Review: The Lost Leonardo Might be an Art Documentary, But it Plays Like a Thriller

A work of art believed to be painted by one of the world’s greatest artists. A heated debate amongst art historians, restorers, and critics as to its authenticity. A series of fantastical sales and the involvement of a foreign prince. These details all sound like something out of a novel or a thriller film, but they’re the truth depicted in Andreas Koefoed’s new documentary, The Lost Leonardo.

The film explores the mystery and sales of the Salvator Mundi painting, which dates to the earliest years of the sixteenth century and some believe was painted by famous Renaissance artist Leonardo da Vinci himself. Painted on wood, it depicts Jesus Christ making the sign of a cross with one hand and holding an orb in the other.

The painting was previously said to have been done in Leonardo’s style, perhaps in his workshop or by one of his assistants. However, in 2005, Alexander Parish purchased it in New Orleans. Parish calls himself as “sleeper hunter,” a “sleeper” being a painting that is believed to be more valuable or by an artist more famous than the person selling it realizes.

Parish, along with dealer Robert Simon, brought the painting to conservator Dianne Modestini who spent years restoring the painting from its damaged state. During this time, a debate began in academic circles over whether the painting was entirely by Leonardo, partially by him, or simply made in his workshop.

The documentary poses interesting questions about the value of art based on the artist and how we can verify who created a painting made around the year 1500. But it’s also a story of the social capital and financial markets, of those who view art as a commodity that can help them achieve status.

The painting was included in an exhibition in London, at the National Gallery, from 2011 to 2012, marking its true introduction as a potential Leonardo in the art world. But experts were still divided. There are only fifteen known Leonardo works that have survived, which explains why identifying a new one would be such a massive achievement.

The Lost Leonardo does an excellent job of presenting multiple perspectives on the painting and its origins. Interview subjects ranging from curators to CIA agents speak directly to the camera and give their personal opinions on how events related to the Salvator Mundi unfolded.

The two highlights of these interview subjects are definitely the very earnest Modestini, whose faith in the painting’s authenticity and dedication to art being something that should be enjoyed by the public is touching, and snarky art critic Jerry Saltz, whose views are biting but highly amusing.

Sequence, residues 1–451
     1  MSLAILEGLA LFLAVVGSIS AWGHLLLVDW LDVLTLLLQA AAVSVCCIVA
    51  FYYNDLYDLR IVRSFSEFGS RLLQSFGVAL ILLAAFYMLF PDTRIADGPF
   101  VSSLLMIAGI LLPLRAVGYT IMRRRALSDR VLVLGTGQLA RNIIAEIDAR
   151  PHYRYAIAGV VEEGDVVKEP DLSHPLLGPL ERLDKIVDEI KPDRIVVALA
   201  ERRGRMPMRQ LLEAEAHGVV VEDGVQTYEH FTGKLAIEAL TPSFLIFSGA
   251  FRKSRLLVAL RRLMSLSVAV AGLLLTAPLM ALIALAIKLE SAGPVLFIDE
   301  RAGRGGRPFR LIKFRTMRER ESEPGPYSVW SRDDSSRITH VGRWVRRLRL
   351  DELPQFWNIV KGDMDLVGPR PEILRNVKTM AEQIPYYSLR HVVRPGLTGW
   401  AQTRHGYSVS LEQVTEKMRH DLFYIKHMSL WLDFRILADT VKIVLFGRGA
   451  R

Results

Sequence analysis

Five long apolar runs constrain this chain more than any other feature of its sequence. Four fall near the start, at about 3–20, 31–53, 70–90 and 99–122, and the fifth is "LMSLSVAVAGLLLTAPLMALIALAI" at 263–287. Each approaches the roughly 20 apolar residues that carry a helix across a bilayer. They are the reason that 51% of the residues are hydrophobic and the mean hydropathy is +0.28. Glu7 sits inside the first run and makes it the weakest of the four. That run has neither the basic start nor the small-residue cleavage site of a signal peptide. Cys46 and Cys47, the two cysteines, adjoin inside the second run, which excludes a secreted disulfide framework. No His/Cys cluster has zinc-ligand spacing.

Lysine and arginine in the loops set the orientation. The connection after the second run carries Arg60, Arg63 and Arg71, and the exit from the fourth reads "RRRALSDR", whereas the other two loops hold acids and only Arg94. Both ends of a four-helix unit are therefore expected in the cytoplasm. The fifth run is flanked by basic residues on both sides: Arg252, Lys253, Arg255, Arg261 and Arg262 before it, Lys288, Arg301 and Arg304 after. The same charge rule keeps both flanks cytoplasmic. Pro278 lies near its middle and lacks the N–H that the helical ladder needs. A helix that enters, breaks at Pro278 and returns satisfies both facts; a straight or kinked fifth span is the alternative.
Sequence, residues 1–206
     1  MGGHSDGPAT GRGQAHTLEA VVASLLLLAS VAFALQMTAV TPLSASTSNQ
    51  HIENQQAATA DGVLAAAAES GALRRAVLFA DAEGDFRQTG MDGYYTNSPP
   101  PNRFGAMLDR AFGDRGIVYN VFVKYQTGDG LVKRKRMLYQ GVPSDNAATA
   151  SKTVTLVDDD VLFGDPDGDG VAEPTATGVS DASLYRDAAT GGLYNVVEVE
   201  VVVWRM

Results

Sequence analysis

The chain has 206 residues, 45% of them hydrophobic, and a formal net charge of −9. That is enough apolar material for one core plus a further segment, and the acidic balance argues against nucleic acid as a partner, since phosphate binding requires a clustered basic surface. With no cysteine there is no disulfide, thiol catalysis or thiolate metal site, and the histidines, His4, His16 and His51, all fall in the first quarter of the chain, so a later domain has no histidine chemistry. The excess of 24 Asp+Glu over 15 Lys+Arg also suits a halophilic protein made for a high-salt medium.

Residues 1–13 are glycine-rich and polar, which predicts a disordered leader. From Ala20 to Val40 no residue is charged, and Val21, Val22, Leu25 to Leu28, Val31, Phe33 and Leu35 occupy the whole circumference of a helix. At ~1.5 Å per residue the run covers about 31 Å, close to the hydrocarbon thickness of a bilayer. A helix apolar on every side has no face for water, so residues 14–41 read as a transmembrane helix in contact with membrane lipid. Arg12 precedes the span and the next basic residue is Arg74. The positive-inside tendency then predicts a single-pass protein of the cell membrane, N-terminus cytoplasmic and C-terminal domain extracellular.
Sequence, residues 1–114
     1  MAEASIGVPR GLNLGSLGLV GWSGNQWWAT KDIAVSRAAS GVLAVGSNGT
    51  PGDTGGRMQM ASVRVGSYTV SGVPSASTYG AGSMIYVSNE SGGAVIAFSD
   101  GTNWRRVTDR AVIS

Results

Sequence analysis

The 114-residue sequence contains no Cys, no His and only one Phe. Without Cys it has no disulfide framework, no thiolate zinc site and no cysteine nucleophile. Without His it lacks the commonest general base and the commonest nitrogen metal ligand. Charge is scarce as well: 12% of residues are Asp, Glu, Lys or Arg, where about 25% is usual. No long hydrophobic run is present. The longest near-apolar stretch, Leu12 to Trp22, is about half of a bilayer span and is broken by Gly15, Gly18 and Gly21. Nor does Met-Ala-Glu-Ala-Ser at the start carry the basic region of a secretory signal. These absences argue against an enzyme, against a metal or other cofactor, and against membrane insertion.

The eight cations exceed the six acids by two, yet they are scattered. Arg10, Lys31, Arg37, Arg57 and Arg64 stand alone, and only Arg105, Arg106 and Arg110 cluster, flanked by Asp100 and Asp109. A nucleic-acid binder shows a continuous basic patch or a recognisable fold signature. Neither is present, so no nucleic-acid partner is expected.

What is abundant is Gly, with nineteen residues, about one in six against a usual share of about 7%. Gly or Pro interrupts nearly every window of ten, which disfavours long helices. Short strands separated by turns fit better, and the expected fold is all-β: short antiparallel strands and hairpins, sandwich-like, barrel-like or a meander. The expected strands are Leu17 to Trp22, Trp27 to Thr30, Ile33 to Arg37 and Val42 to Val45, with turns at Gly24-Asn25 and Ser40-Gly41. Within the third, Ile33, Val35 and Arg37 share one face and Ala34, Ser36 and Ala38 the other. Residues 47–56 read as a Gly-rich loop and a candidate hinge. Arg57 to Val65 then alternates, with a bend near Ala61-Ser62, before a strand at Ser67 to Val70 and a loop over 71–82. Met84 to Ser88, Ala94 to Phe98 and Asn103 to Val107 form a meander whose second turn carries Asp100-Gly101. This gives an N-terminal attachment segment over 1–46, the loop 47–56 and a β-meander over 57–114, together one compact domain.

After the painting leaves the National Gallery and is put on the market for sale, the documentary shifts. No longer concerned with whether or not it was painted by Leonardo, it explores the thrilling story of the painting’s sales and the mystery of where it is today. In doing so, it delves into the seedier dealings and the politics of the art world, where some people prize paintings like this one as financial assets or status symbols.

The documentary combines the interviews with beautifully shot B-roll and a collection of footage from television appearances, marketing materials, and auctions. The dark grey tint that persists through much of the movie helps build the hazy atmosphere. The pacing keeps the film on track and it never feels too dense, despite a large amount of information being shared.

For much of the documentary, The Lost Leonardo is not actually concerned with discovering the truth of if the painting was done by Leonardo himself. It is more interested with the ongoing debate about the painting and the actions that are taken because of people accepting that it was. The documentary is able to open up the often unseen dealings of the art world in a way that makes it easy for someone without prior knowledge to comprehend.

Without spoiling anything, the end to this story is rather unsatisfying. But perhaps that’s the point – it’s easy to feel for the people involved in this process from the beginning like Parish and Modestini, who certainly wished for a different outcome.

In the beginning of the documentary, Bank of America executive Evan Beard says, “This is the most improbably story that I think has ever happened in the art market.” At times, it certainly feels more like fiction than fact, but The Lost Leonardo is a thrilling look at the real-life events around what may be one of the most important discoveries in the art world in recent history.

Rating: 3.5/5

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